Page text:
Teen girl files lawsuit for women to enlist in US Army draft at 18
Even though the U.S. hasn't had a draft since 1973, 17-year-old Liz Kyle-LaBell is fighting for women to be required to sign up for the draft at age 18 -- just like men are.
Females aren't required to register for the draft through the Selective Service System after they turn 18, and Kyle-LaBell believes that the current policy "violates women's rights."
The New Jersey native -- who recently graduated high school -- tried to register for the military on the Selective Service website, but she was blocked from doing so as soon as she checked the box that indicated that she was a female.
Liz felt discriminated. She told Yahoo Parenting:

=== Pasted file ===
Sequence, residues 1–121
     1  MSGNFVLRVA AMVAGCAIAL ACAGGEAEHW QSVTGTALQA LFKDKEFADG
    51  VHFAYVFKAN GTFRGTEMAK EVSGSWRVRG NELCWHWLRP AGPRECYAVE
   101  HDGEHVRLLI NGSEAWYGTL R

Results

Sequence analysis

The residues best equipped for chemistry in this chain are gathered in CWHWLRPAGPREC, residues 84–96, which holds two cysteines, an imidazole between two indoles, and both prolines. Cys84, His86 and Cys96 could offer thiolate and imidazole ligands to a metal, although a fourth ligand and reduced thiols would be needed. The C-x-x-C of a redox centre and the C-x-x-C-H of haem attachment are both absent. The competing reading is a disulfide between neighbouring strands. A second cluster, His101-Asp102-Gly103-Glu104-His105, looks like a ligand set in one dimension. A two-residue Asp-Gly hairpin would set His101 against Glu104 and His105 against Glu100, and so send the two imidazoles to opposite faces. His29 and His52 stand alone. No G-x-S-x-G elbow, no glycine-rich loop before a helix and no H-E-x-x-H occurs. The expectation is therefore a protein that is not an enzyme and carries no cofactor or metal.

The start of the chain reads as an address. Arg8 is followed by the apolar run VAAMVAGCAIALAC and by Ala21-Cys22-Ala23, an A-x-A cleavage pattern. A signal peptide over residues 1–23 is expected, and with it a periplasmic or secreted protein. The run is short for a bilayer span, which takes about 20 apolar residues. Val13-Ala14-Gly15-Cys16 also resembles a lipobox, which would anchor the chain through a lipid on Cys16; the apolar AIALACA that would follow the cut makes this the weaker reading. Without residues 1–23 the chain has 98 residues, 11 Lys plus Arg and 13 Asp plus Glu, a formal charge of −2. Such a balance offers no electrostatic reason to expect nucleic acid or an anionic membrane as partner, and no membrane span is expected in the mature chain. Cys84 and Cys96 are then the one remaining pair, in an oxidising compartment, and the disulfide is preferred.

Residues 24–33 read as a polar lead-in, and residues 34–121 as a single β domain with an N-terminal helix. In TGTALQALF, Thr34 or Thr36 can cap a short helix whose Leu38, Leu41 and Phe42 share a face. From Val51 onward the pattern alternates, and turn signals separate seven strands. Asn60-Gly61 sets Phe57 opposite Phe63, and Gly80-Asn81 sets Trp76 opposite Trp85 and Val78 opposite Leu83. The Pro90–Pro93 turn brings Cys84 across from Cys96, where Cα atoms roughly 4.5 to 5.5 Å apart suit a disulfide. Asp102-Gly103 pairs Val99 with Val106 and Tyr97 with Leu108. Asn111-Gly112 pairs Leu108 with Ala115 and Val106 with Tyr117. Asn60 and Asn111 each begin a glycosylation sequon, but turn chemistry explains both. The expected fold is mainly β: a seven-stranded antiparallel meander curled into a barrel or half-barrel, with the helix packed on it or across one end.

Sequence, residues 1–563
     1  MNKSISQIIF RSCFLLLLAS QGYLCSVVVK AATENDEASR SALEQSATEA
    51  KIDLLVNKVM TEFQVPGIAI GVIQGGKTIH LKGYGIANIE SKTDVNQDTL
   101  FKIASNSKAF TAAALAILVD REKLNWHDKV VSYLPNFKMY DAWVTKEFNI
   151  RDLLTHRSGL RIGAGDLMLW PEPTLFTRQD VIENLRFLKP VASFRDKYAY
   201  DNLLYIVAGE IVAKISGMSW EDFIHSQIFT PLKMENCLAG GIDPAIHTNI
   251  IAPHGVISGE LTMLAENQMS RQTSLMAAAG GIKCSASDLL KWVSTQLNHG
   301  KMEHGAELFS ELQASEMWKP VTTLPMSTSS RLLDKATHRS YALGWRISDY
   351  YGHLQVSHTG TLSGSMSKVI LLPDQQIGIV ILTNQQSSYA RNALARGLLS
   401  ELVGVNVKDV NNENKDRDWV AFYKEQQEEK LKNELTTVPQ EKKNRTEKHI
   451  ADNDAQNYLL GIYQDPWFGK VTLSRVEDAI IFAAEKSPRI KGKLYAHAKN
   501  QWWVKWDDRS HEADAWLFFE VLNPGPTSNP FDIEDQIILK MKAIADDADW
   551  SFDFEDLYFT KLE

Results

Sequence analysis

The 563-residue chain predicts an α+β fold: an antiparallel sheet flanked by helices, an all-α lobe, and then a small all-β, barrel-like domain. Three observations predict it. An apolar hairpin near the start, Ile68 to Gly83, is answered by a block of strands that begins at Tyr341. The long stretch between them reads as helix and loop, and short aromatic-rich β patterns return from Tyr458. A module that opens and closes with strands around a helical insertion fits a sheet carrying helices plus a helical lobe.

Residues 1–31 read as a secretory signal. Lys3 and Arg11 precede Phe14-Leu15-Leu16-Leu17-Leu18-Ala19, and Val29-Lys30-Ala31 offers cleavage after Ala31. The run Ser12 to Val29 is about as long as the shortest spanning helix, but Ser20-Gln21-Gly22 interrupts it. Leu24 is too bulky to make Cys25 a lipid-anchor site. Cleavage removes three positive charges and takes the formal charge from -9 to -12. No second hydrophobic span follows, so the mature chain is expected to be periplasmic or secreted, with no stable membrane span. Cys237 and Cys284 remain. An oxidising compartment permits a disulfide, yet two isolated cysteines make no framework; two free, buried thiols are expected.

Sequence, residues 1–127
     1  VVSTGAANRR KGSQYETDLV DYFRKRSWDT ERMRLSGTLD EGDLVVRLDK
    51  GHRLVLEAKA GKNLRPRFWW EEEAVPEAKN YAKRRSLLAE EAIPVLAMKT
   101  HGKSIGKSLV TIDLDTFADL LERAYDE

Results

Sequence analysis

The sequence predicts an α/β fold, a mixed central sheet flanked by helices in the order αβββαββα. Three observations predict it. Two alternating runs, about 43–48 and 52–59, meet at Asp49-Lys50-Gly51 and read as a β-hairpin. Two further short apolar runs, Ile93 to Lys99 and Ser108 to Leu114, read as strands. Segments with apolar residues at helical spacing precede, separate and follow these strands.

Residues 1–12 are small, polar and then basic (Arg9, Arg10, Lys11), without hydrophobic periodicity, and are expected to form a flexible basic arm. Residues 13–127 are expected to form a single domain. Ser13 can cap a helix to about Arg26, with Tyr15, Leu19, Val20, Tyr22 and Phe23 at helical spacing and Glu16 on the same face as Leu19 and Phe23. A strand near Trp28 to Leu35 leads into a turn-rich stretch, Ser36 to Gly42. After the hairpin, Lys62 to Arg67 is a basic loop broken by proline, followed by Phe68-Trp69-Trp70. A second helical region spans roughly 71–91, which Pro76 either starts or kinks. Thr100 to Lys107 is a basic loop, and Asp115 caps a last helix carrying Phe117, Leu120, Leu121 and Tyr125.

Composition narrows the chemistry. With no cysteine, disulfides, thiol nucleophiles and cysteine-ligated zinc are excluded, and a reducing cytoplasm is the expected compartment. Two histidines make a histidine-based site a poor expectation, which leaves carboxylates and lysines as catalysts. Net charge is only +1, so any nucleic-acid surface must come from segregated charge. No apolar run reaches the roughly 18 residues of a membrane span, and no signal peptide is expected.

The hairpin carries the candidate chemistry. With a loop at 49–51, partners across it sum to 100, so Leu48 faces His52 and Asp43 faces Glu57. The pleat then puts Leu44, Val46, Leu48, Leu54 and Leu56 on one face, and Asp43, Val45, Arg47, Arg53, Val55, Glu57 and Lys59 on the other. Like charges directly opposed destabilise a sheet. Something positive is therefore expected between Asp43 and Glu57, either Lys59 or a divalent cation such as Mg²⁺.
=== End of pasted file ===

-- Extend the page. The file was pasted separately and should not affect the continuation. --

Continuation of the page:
Liz feels that women should be able to register for the draft if they want to. In an effort to fight for equality, Liz and her mom, Allison Kyle, decided to file a class-action lawsuit against the Selective Service System. Liz's mother filed the lawsuit on Liz's behalf since she is a minor and was unable to file it herself.
In the lawsuit, Liz boldly states, "With both males and females available for such roles today, the two sexes are now similarly situated for draft registration purposes, and there is no legitimate reason for the government to discriminate against the female class, so equal protection applies,"
Liz's goal with the suit is to overturn a 1981 Supreme Court decision that backed the rule stating that only men can register for the draft. Even though women today are allowed to be in combat, they still aren't allowed to register.
The suit was filed very recently, so a court date has yet to be set, but Liz's ultimate goal is to make the draft gender-neutral. "If women are allowed to fight in a war, we should be allowed to sign up for the draft," she says.
See the video below for a glimpse of what it's like to be a woman in basic training for the army:
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